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Engaging young people with politics will create a fairer democracy

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Better accessibility and promotion are the two most important factors in encouraging more young people to have their say by voting at elections, argues Jack Lewis, member of youth parliament for Richmond-upon-Thames.

This article originally appeared in Blue & Green Tomorrow’s Guide to Sustainable Democracy 2014.  

Everything’s looking pear-shaped. By this, I’m referring to the fact that in the 2010 general election, only 44% of 18-24 year-olds who were registered to vote actually went out and voted. This contrasts strikingly with the figure for the over-65s (76%) and is even more worrying when you consider the fact a greater number of over-65s are registered to vote than 18-24s.

This is problematic simply because it means young people are continually marginalised by decision-makers. Despite statements claiming their commitment to young people, politicians know that come election time, they will need to please the elderly. After all, why would they prioritise young people (i.e. the future of this country) when they know that it will be the older vote that will decide the election?

While it does contain measures that will affect 18-24s, you only have to look at the 2014 budget to see the extent of the prioritisation of the needs of older age groups. But enough of my ranting; let’s discuss some solutions.

First and foremost, why can’t we introduce online voting? Many people lead hectic lives, and a range of other aspects of society can be safely conducted online (including tax payments, banking and shopping), so online voting must be a logical step forward. If voting is made more accessible, then this is the first step towards encouraging more 18-24s to vote.

In addition, longer opening times for voting are needed. I’m not simply talking about keeping online and polling station voting booths open for longer hours; I’m suggesting that online voting and polling stations should be kept open for two days (and overnight), to give young people more opportunity to voice their opinion. This way, the problem of people missing the opportunity to vote due to long working hours is avoided.

However, there must be a drive towards the better promotion of voting and voter registration. I have seen no advertisements (online or in the street) promoting voter registration: an essential step on the path towards voting. Adverts need to be placed on social networks and major websites (including Facebook and YouTube) and also on buses and other forms of public transport, in order to hammer home the importance of voting. It is worth remembering that without voter registration, you can’t vote, and many young people forget the fact that they can register to vote at the ages of 16 and 17. If young people are made aware of voting and are registered to vote, then by the time they reach the age of 18, they are much more inclined to vote.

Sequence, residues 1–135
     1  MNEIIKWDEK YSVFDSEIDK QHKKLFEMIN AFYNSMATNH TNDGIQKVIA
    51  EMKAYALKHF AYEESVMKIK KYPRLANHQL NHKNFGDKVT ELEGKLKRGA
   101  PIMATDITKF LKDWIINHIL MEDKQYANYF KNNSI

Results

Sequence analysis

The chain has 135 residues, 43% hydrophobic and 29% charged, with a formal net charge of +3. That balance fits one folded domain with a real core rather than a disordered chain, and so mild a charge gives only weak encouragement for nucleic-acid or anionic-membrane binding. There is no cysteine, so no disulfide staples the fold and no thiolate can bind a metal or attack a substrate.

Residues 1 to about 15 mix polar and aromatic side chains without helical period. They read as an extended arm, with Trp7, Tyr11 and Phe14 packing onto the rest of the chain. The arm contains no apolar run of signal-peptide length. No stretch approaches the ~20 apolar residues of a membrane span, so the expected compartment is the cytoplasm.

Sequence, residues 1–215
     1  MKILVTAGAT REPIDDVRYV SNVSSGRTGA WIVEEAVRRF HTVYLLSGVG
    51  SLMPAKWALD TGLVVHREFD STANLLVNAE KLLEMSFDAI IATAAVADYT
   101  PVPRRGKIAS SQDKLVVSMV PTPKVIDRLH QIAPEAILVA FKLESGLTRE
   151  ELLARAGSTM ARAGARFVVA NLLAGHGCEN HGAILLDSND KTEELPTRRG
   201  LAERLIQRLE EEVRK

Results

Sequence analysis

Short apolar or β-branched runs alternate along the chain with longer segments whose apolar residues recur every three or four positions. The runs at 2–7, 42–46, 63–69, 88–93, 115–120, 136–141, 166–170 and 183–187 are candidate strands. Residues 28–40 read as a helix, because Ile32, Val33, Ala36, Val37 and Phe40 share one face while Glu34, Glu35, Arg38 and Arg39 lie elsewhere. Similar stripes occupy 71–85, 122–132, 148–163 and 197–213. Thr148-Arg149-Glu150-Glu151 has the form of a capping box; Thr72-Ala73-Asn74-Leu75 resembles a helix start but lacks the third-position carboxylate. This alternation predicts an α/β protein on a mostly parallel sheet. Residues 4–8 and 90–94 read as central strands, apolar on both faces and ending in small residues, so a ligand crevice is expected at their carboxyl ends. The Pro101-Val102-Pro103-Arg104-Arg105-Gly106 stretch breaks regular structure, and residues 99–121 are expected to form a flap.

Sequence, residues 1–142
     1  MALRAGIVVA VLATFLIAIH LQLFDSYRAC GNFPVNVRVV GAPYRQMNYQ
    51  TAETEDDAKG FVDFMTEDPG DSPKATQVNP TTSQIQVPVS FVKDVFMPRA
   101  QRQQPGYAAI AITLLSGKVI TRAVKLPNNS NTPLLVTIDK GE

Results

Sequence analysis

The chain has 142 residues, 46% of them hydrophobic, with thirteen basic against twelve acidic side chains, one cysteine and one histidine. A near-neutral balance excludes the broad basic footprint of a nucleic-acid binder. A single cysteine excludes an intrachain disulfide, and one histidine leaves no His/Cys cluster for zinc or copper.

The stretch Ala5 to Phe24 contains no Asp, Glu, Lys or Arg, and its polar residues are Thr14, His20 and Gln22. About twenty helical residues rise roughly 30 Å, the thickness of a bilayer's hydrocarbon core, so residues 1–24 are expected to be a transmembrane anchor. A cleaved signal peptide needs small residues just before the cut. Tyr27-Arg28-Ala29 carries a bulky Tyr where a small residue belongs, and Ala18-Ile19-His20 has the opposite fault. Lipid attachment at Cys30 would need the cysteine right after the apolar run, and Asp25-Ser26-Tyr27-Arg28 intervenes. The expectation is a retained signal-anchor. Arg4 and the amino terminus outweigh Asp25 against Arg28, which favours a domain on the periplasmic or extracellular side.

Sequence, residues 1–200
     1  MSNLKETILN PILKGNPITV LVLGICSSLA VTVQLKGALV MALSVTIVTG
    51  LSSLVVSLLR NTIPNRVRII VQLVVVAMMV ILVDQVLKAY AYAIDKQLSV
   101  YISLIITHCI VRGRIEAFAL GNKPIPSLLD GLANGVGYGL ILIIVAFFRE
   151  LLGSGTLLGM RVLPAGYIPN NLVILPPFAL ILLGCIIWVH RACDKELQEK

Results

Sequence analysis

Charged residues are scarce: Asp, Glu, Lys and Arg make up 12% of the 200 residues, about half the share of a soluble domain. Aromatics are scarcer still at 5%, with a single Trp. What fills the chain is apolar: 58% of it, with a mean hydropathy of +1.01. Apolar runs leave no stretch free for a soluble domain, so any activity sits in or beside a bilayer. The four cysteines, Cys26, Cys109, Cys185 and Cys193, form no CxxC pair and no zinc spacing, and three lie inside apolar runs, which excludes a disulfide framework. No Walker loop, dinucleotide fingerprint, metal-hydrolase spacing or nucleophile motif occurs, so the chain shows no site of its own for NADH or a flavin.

Finally, improved physical, social and health education (PSHE) is needed in schools. This has been the core focus of the UK Youth Parliament’s Curriculum for Life campaign (which we have run since 2012). Improved education over the issues politicians can influence and also how to register to vote is essential. Improving education is the most important step in empowering and encouraging future voters. Moving beyond PSHE, you have organisations such as Bite the Ballot, which conducts workshops with young people that aim to increase awareness of the importance of voting.

So we need a two-pronged approach to deal with the problem of low voter turnout among 18-24s. We need to make voting more accessible, a step that will encourage 18-24s and also older generations to vote. And we need to promote voting to the greatest possible extent, in order to ensure that 18-24s know how and where to vote.